So far this season nothing has changed. He is leading the Vikings with 319 total yards with 277 receiving and 42 rushing. He already has 240 yards on eight kickoff returns. His 27 catches lead all NFC North receivers, three more than Calvin Johnson of the Lions.

The only downside of Harvin's game is his lack of scoring. That's mostly due to the Vikings' approach when they get in the red zone.

A Stock Overdue for its IPO (initial public offering)—Wide Receiver Jarius Wright

Fairly or unfairly a lot of expectations have been heaped on the Vikings' fourth-round draft pick out of Arkansas. Wright led the Razorbacks last year with 66 catches for 1,117 yards and 12 touchdowns. 

In the preseason he went without a catch through three games, but then exploded against the Texans with six catches for 122 yards and a touchdown. Unfortunately an ankle injury has prevented him from making his regular-season NFL debut. The Vikings can definitely use his speed on offense to help stretch the field. Here's hoping there are a couple of successful debuts at wide receiver this week against the Lions.   

Another Stock that Continues to Yield Exceptional Dividends—Linebacker Chad Greenway

Greenway has been the Vikings' leading tackler since becoming a starter in 2007. After missing his entire rookie season with a knee injury in his first preseason game, Greenway has not missed a game over the past six seasons—starting 82 of 83 games. 

Through three games he leads the NFC North with 33 tackles and is second to NaVorro Bowman for the most in the NFC. He is also tied for the team lead with two sacks and has been playing inspired defense.

A New Stock on the Rise with Early Positive Returns—Cornerback Josh Robinson

The Vikings' third-round draft pick finally got the Vikings' first interception of the season against the 49ers. This was critical for a defense that finished tied for last in the NFL last season with only eight picks.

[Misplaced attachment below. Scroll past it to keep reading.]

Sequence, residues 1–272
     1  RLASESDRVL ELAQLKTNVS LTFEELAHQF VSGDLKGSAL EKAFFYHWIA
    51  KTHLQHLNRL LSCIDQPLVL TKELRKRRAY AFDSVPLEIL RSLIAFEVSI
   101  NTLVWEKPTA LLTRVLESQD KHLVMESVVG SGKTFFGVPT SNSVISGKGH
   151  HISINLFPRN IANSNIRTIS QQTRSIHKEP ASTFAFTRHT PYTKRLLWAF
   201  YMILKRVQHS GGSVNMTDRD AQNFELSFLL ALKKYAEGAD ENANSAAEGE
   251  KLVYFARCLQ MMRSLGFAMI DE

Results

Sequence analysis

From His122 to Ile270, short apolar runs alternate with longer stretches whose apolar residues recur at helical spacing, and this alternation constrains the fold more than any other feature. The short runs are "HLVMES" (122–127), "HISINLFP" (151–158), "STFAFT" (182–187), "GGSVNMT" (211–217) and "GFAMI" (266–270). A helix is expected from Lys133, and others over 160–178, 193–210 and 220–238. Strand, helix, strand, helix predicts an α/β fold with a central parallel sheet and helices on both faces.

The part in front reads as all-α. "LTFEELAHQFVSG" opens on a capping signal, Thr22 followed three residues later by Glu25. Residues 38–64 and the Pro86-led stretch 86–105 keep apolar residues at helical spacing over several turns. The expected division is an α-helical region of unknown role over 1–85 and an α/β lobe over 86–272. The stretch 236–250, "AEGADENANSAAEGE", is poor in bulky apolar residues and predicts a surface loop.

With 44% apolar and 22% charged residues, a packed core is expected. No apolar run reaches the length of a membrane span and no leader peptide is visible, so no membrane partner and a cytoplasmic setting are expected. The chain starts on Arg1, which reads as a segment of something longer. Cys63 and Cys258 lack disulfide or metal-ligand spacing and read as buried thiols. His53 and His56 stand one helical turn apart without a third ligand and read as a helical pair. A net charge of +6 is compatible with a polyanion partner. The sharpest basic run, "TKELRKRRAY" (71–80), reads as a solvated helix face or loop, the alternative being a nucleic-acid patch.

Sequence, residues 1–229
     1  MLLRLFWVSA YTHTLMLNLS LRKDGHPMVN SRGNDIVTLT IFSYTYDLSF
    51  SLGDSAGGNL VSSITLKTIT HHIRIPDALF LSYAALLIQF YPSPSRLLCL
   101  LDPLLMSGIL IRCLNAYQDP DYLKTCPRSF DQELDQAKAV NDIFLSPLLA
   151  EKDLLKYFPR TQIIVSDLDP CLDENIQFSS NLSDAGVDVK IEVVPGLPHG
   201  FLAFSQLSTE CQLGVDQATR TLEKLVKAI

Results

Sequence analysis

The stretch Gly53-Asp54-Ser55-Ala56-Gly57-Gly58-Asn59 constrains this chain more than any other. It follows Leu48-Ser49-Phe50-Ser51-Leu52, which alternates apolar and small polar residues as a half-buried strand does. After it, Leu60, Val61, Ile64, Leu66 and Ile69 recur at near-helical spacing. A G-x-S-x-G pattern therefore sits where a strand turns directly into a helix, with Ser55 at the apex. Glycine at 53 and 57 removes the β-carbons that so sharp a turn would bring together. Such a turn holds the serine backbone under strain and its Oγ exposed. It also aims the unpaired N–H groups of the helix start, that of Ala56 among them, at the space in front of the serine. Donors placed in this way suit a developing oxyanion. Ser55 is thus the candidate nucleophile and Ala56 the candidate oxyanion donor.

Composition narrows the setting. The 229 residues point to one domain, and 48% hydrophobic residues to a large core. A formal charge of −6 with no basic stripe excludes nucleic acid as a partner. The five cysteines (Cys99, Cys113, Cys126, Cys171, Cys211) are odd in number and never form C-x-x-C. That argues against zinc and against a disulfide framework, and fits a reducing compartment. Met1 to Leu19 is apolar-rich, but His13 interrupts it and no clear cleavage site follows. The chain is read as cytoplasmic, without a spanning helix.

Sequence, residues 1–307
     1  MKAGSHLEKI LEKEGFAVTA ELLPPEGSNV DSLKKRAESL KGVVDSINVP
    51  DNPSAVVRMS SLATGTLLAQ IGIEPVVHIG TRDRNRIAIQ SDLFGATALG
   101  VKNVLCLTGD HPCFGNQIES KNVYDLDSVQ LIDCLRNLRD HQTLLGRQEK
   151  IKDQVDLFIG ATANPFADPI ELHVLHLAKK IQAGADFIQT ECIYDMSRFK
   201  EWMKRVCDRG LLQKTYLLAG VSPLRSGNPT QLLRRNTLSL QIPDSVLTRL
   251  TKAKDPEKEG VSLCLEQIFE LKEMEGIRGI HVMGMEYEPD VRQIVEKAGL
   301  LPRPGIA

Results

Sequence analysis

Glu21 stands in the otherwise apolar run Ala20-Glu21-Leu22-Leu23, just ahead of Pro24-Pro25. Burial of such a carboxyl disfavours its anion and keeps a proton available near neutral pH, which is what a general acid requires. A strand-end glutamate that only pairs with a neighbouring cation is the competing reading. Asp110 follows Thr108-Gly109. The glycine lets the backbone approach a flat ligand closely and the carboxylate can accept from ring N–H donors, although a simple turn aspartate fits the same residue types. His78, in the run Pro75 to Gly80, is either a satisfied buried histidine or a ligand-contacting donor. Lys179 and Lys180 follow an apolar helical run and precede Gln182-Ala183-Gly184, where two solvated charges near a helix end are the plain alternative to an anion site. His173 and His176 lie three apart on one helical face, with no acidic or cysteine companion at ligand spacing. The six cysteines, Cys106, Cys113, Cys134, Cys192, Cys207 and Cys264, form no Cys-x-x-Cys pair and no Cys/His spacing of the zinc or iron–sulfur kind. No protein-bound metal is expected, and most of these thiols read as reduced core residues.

Stock on the Decline—Running Back Toby Gerhart

This was supposed to Gerhart's breakout season. After Adrian Peterson tore up his knee in Week 16 last Christmas Eve, Frazier repeatedly indicated that Gerhart was going to get an expanded role in 2012. When the improbable occurred and Peterson opened the season as the starter with 17 carries for 84 yards and two touchdowns. Gerhart only had six carries for 18 yards.  

Against the 49ers, Gerhart had a nightmare of a game with three fumbles on eight carries. On the season he is averaging only 2.7 yards per carry. Of the four players to be credited with a rushing attempt this season, his long of nine yards is the shortest.  

Another Stock that Just Keeps Getting Higher—Kicker Blair Walsh

When the Vikings selected Walsh in the sixth round, there were a lot of people questioning why the Vikings would use a draft pick on someone not expected to be drafted—I was one of them.

It seemed that Rick Spielman didn't know what he was doing. Then the Vikings released veteran Ryan Longwell and then didn't sign anyone else to camp. This was surely madness. 

Then all Walsh has done is to make all seven of his field-goal attempts with three of them coming from better than 50 yards. Seven of his 15 kickoffs have resulted in touchbacks.

A Commodity Stock on the Rise—Matt Kalil and the Offensive Line

When the Vikings drafted left tackle Kalil with the fourth pick in the draft, the offensive line immediately improved. With three new starters on the line with right tackle Phil Loadhold and center John Sullivan the only holdovers from last season, the offense much more effective.

The improved play of the offensive line has provided more protection for Ponder. Last season Vikings quarterbacks were sacked an average of three times per game. So far this season Ponder has been sacked a total of six times—with none of them coming at the hands of the San Francisco defense. 

With better protection, Ponder is playing much better and the offense is averaging 23.3 points per game. 

At this early point in the season there are more players whose stock is on the rise than falling. With a young roster with only seven players 30 or older, the future is looking especially bright as this team comes together. 

After defeating who many people felt was the best team in the NFC, the Vikings have shown they have enough talent to play with anyone in the division. Perhaps that prediction of only six wins may be a little low. 

Then again, I just look back at the frustrating loss the Vikings had against the Colts.